Leeds nostalgia: Wool spinning mule from 1904 still working

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Dominating a huge room at Leeds Industrial Museum, these enormous woollen spinning mules are an impressive throwback to Leeds’s industrial past.

Dominating a huge room at Leeds Industrial Museum, these enormous woollen spinning mules are an impressive throwback to Leeds’s industrial past.

The pair of spectacular machines were both manufactured by Platt Brothers and Co in Oldham and date from 1871 and 1904, when they were used to spin textile fibres into yarn.

The older of the two is thought to be the oldest of its kind anywhere in the world while the 1904 model is still fully operational and is regularly maintained by staff at the museum alongside specialists from A W Hainsworth and Sons in Stanningley.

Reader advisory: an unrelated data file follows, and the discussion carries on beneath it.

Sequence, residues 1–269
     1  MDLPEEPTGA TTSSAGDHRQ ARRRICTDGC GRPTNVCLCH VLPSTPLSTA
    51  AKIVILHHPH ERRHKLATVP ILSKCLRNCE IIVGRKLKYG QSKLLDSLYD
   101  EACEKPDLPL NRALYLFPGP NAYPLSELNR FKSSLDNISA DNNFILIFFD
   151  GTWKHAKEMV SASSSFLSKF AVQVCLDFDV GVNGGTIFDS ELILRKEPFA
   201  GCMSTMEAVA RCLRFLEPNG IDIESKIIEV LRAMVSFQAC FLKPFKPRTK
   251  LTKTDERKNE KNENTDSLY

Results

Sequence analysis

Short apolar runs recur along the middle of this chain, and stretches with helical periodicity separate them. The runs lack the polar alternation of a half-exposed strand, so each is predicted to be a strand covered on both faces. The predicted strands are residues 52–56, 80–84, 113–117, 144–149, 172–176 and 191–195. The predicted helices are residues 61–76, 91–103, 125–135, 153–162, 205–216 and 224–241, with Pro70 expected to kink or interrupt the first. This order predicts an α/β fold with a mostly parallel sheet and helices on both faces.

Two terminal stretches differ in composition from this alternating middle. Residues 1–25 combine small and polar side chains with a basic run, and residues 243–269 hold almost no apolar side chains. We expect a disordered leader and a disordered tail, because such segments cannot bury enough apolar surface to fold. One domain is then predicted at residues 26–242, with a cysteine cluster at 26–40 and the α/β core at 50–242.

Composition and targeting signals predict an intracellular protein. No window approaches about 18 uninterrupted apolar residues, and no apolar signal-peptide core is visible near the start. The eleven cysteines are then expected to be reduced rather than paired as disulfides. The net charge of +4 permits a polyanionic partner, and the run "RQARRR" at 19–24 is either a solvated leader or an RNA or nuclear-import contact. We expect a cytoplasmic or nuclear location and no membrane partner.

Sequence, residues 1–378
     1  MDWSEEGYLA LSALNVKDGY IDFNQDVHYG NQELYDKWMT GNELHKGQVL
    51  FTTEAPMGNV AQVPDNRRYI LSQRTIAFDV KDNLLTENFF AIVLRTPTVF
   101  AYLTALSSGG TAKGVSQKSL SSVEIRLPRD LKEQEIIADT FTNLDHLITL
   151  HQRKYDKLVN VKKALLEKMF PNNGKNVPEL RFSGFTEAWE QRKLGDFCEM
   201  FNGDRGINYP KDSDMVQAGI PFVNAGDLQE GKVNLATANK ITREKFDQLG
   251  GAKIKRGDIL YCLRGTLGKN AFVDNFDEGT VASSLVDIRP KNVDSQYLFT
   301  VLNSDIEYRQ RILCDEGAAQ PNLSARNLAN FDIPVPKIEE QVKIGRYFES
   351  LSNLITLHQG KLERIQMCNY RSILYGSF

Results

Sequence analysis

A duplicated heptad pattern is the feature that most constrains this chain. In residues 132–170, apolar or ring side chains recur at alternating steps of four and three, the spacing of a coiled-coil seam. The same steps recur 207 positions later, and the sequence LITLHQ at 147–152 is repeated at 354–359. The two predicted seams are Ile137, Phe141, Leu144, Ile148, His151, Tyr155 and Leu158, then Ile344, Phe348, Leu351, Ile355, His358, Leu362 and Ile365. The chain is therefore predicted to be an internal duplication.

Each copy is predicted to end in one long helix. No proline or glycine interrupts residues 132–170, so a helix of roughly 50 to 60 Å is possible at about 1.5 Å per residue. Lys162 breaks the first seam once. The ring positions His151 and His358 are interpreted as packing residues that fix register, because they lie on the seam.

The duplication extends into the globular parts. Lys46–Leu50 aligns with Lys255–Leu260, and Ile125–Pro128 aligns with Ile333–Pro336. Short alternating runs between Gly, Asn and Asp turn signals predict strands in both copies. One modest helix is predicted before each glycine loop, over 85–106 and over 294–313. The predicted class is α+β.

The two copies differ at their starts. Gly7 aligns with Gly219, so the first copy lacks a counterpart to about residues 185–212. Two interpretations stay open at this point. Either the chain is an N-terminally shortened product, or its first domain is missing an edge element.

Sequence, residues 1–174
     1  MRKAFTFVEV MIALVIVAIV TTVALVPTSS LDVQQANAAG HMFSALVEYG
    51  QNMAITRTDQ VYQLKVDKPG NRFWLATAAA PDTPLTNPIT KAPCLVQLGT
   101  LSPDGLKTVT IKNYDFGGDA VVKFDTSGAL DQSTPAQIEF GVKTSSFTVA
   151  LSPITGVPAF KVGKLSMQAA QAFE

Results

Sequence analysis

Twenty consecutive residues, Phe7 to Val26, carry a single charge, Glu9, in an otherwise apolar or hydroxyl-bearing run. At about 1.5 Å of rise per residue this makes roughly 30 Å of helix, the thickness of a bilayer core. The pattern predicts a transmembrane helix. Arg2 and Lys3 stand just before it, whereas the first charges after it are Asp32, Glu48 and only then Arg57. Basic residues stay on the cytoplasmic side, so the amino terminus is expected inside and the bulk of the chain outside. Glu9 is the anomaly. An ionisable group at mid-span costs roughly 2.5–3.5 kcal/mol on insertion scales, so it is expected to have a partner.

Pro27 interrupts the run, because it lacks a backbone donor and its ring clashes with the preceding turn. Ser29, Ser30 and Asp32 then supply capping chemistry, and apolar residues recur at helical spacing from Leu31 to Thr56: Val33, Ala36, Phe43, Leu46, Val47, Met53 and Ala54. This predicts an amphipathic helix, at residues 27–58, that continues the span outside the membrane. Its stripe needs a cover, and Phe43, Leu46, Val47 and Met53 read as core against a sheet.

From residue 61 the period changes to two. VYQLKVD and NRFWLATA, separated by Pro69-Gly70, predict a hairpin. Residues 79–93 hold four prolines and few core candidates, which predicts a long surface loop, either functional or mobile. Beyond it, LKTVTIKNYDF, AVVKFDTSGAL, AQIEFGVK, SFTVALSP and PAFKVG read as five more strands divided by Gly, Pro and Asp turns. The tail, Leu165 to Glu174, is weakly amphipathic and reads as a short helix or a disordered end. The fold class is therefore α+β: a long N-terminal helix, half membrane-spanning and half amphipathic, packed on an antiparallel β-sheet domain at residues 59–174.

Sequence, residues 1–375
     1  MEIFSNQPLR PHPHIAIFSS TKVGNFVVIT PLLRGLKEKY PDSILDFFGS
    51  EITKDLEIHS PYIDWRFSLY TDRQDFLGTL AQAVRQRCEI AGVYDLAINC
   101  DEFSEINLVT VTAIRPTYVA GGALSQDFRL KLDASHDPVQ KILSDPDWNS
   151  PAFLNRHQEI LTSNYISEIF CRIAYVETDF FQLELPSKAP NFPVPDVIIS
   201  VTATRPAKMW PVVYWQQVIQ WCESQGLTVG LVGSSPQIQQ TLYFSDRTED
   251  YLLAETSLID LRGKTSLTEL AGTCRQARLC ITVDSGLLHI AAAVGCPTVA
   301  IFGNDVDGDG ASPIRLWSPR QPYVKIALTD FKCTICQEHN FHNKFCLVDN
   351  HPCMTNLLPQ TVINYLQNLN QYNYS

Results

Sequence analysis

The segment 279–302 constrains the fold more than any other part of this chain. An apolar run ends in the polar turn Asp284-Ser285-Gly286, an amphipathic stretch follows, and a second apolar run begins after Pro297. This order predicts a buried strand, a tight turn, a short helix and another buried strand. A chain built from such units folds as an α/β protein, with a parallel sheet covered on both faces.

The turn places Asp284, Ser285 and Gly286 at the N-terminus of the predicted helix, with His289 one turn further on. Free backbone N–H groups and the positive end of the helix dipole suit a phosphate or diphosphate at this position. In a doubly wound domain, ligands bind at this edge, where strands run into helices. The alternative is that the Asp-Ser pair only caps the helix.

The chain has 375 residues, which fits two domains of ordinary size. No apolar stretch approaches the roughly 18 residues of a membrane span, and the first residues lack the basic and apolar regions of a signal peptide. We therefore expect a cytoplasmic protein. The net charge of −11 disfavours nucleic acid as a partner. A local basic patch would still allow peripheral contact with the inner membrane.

Twice a day the 1904 mule produces high quality woollen yarn that is used in commercial blanket production, filling the room with the sights and sounds of a traditional, working textile mill. Mules were originally invented by Samuel Crompton in 1779, and are so called because they are a hybrid between Arkwright’s water frame and James Hargreaves’ spinning jenny in the same way that mule is a mixture of a female horse with a male donkey.

Councillor Brian Selby, Leeds City Council’s lead member for museums and galleries, said: “These incredible machines really to have to be seen to be believed and help to paint an amazing picture of what life in such a huge working mill must have been like. Today they also stand as a lasting tribute to the hugely important role that the textile industry has played in our city’s heritage.”

For more information visit: www.leeds.gov.uk/armleymills

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